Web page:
InFlux from Impromptu Games is a puzzle adventure game starring a shiny little orb-like protagonist. This orb has but a few basic powers at its disposal, but somehow it manages to solve all sorts of puzzles as it makes its way across forest and through puzzle rooms. InFlux is a straightforward third person puzzle game. No strange pretenses, no strange gimmicks, just some genuinely challenging puzzles that will get your head churning.
Here's how things work in InFlux. Rolling around as said orb, you have two basic abilities you'll use to manipulate objects in the world: push away, and pull towards. By repelling and attracting certain objects (usually outlined with a fine blue aura), you can clear paths and move things around. Just think of it as the mystical powers you had at your senior prom, only if you're like us, without the "attract" ability.
You'll roll through beautiful natural landscapes in InFlux, serving as a slightly more actioney portion of the game. Here, you'll find the charge and dash ability comes in handy, and your attract and repel powers are mostly useful for nudging boulders out of the way or pulling doors open. Reach the end of a nature section and you'll find yourself in an abstract test chamber of sorts. Here, puzzles are far more intricate. You'll often need to rotate the entire level by weighing down blue buttons, all with the goal of getting a glowing marble to an out-of-the-way goal.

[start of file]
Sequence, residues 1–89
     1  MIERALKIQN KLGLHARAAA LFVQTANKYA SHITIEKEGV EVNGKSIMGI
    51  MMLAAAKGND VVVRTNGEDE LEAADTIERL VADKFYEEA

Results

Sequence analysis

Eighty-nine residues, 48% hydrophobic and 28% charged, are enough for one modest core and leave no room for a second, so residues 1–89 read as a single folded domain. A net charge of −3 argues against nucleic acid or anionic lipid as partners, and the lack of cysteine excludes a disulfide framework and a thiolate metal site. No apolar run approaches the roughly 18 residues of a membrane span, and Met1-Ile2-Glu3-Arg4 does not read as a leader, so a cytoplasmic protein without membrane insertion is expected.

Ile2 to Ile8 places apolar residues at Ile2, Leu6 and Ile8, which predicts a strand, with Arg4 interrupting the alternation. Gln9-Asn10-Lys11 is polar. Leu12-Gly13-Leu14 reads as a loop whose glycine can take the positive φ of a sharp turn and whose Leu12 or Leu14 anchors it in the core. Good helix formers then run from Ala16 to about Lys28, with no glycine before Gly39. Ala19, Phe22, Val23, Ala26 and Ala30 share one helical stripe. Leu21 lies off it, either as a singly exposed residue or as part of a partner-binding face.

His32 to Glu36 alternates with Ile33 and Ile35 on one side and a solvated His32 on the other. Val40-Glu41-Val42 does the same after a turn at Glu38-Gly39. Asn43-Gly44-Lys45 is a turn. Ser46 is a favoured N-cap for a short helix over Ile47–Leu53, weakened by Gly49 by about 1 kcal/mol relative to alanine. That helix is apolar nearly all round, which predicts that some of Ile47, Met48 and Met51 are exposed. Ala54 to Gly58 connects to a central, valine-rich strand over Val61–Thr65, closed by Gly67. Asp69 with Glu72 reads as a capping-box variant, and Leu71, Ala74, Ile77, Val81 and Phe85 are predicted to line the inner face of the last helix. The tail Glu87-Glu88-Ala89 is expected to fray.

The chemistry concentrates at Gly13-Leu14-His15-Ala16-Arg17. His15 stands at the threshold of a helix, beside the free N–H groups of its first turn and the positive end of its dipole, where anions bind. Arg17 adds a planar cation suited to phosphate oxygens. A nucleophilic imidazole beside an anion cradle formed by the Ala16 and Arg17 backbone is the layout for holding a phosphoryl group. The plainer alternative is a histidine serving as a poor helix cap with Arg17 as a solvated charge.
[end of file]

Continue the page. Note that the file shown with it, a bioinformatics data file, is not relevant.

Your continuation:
Analysis: If it helps, think of InFlux as kind of a blending of Q.U.B.E. and The Ball, only just the most basic style elements of those games. Really, InFlux is far more zen in design, opting for straightforward puzzles with a light sprinkling of action and story elements. The result is a much different feeling while you're playing the game. You won't feel rushed and you won't feel frustrated, you'll just have a furrowed brow as take in the sights and wonder how the heck you're gonna do what you need to do.
A suitable amount of intrigue also drives InFlux into your subconscious. The game starts with little fanfare, just dropping you into things and nudging your little orb self into the wild. You slowly start to encounter things like the glass houses and suspicious constructions in nature, all without a single living creature in sight. HMMMMMM. Your imagination can really get carried away, but man nor woman shall fault a game for stirring the inner muse from time to time.
The only real downside to InFlux is that it doesn't have that "shine" that makes it stand out and get attention. Casual indie gamers could easily pass it over if they just glance at it sidelong. It's their loss, of course, but it means the game might not attract the audience it really deserves.
If you're in the mood for a little quiet puzzle solving, InFlux is the place to go. It's an extremely satisfying game that will have you mesmerized from the moment your little metal sphere falls from the sky.